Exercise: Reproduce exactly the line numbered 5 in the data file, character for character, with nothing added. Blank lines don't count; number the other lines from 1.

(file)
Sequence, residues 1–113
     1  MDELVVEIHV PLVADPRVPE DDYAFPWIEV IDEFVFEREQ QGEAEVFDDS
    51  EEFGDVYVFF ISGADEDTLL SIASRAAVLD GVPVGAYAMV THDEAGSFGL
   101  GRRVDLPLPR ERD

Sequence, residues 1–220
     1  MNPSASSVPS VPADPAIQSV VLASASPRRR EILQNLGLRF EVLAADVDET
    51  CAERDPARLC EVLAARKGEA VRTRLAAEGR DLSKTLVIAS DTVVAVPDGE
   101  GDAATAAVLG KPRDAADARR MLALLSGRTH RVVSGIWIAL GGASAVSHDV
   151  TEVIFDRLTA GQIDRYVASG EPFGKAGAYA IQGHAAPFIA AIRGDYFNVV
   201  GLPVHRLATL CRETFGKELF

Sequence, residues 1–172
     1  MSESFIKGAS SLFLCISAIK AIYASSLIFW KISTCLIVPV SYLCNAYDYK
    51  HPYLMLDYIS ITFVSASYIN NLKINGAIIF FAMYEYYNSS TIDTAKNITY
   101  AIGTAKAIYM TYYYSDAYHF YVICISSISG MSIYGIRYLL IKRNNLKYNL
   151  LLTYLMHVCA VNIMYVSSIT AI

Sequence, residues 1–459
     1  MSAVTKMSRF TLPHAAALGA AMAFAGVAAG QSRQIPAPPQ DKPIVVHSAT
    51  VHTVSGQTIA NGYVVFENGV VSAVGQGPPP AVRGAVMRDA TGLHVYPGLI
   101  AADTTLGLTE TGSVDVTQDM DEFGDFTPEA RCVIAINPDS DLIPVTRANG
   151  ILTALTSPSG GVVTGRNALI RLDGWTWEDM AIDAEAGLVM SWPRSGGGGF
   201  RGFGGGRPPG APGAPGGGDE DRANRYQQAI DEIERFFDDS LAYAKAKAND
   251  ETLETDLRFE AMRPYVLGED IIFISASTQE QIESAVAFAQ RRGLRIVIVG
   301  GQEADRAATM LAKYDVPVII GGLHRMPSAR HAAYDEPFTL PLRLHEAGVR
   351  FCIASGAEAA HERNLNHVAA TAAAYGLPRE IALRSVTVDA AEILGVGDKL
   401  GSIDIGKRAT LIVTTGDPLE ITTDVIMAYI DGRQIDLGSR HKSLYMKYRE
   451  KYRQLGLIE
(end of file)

Sequence, residues 1–220